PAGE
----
- Mariah Carey – "Dreamlover" (1993)
- Boyz II Men – "On Bended Knee" (1994–1995)
- Natalie Imbruglia – "Torn" (1998)
- Eminem – "Lose Yourself" (2002–2003)
- Mario – "Let Me Love You" (2005)
- Beyoncé – "Irreplaceable" (2006–2007)
- Mariah Carey – "Someday" (1991)
- Janet Jackson – "That's the Way Love Goes" (1993)
- Mariah Carey – "Hero" (1993–1994)
- Seal – "Kiss From A Rose" (1995)
- Céline Dion – "My Heart Will Go On" (1998)
- Usher – "U Got It Bad" (2001–2002)
- Ashanti – "Foolish" (2002)
- Lil' Wayne featuring Static Major – "Lollipop" (2008)
Highest airplay peaks 
- 212.1 million, We Belong Together, Mariah Carey, July 9, 2005
- 196.3 million, "Irreplaceable", Beyoncé, Jan. 20, 2007
- 192.5 million, "No One", Alicia Keys, Dec. 22, 2007
- 189.6 million, "Let Me Love You", Mario, Feb. 5, 2005
- 175.6 million, "Gold Digger", Kanye West featuring Jamie Foxx, Oct. 22, 2005
- 172.8 million, "Yeah!", Usher featuring Lil Jon & Ludacris, April 17, 2004
- 172.3 million, "My Boo", Usher and Alicia Keys, Nov. 20, 2004
- 171.4 million, "Be Without You", Mary J. Blige, April 1, 2006
- 170.2 million, "In Da Club", 50 Cent, March 29, 2003
- 167.7 million, "Dilemma", Nelly featuring Kelly Rowland, Sept. 7, 2002
Listed here are airplay peaks by song. Even if a song has registered over 165 million impressions during multiple weeks, it is only listed once.
Artist with the most number ones 
- Mariah Carey (11) (tie)
- Rihanna (11) (tie)
- Madonna (9)
- Janet Jackson (8)
- TLC (group), (8)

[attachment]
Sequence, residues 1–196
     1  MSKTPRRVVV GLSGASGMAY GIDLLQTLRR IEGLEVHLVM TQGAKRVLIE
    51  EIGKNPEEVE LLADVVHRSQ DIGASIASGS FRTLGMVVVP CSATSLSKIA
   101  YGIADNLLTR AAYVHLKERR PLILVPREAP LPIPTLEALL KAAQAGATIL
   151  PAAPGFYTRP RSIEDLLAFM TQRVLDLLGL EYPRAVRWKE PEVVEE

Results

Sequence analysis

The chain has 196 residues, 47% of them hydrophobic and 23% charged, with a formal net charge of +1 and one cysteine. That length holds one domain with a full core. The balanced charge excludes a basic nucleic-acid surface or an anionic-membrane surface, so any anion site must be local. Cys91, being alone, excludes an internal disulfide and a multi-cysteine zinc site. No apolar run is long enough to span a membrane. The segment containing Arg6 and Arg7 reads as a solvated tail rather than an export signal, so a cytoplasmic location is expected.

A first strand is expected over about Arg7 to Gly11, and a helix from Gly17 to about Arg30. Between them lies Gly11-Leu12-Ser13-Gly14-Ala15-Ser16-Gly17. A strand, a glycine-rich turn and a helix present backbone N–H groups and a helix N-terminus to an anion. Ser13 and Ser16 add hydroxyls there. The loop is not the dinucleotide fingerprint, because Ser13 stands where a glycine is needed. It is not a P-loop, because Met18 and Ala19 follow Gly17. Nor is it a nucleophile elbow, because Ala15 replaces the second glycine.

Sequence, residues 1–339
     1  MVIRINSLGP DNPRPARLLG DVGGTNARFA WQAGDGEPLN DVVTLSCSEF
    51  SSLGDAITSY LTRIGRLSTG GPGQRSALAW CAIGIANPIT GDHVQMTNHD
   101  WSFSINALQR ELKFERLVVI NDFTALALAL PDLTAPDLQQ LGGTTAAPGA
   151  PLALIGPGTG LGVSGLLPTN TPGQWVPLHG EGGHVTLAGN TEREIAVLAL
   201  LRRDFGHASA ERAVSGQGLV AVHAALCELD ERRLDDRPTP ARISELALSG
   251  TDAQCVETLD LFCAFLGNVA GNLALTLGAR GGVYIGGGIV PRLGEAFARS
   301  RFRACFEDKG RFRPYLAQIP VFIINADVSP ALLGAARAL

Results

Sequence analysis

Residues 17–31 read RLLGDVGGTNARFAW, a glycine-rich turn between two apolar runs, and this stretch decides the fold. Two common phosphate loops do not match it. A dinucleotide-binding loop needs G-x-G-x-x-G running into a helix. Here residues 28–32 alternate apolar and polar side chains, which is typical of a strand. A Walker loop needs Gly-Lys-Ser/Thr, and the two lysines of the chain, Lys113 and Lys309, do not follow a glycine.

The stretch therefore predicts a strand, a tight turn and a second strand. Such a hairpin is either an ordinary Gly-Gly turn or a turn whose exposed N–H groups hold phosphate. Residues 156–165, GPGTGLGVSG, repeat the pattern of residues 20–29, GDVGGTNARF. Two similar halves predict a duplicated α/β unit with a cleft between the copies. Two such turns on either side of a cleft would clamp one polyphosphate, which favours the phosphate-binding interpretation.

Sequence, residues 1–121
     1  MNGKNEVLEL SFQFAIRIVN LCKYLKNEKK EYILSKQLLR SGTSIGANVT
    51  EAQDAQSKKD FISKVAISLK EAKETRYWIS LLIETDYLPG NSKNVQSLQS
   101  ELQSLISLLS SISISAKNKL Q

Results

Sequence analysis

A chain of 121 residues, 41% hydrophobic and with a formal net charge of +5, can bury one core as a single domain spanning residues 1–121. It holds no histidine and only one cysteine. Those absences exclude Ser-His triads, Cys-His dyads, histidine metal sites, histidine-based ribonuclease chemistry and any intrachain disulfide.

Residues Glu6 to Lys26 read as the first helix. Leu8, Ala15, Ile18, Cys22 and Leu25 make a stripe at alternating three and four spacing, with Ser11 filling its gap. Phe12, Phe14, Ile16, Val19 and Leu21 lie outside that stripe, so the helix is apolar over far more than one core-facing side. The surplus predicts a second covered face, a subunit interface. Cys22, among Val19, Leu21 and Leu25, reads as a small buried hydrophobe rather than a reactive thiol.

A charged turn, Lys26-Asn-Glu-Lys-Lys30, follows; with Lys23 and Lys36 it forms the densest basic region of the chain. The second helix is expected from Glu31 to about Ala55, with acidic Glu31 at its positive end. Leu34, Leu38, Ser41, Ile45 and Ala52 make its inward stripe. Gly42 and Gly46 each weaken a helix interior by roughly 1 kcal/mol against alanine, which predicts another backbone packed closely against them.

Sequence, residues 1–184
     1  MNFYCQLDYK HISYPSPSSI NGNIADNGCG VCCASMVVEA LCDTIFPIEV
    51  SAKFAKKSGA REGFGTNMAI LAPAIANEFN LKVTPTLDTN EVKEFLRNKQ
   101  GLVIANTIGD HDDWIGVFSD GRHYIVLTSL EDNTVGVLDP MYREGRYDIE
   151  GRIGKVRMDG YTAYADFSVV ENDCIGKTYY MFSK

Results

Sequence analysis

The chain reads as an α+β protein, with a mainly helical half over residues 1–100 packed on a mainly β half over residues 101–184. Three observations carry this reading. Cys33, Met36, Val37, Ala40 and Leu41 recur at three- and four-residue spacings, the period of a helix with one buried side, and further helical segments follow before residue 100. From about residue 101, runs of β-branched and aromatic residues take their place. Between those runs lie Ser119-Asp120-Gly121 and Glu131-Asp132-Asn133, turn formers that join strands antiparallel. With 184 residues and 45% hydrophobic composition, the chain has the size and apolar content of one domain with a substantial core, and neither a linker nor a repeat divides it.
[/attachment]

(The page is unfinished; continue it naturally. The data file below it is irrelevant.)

- George Michael, Phil Collins, Whitney Houston, Usher (7)
- Ludacris, Kanye West (6)
Most cumulative weeks at number one 
- Mariah Carey holds the record for the most weeks at number one in total with 93 weeks atop the chart.
Most consecutive number ones 
- Katy Perry - 5 - "California Gurls", "Teenage Dream", "Firework", "E.T.", "Last Friday Night (T.G.I.F.)"
Album with the most number ones 
Self replacement at number one 
- Boyz II Men - "On Bended Knee" replaced "I'll Make Love to You" (December 1994)
- Mariah Carey - "One Sweet Day" replaced "Fantasy" (December 1995)
- Nelly - "Dilemma" replaced "Hot in Herre" (August 2002)
- Usher - "Burn" replaced "Yeah!" (May 2004)
- Usher - "Confessions Part II" replaced "Burn" (July 2004)
- Mariah Carey - "Shake It Off" replaced "We Belong Together" (September 2005)
- T.I. - "Live Your Life" replaced "Whatever You Like" (November 2008)
- Rihanna - "What's My Name?" replaced "Only Girl (In the World)" (January 2011)
Use in countdown shows 
From November 30, 1991 until January 2, 1993, the American Top 40 countdown show used the top 40 portion of this chart as its main source.
See also 
- Whitburn, Joel (2009). Top Pop Singles (12th ed.). Wisconsin: Record Research Inc. p. 11. ISBN 0-89820-180-2.
- Trust, Gary (2013-05-01). "P!nk Holds at No. 1 on Hot 100, While Rihanna Rules at Radio". Billboard. Retrieved 2013-05-01.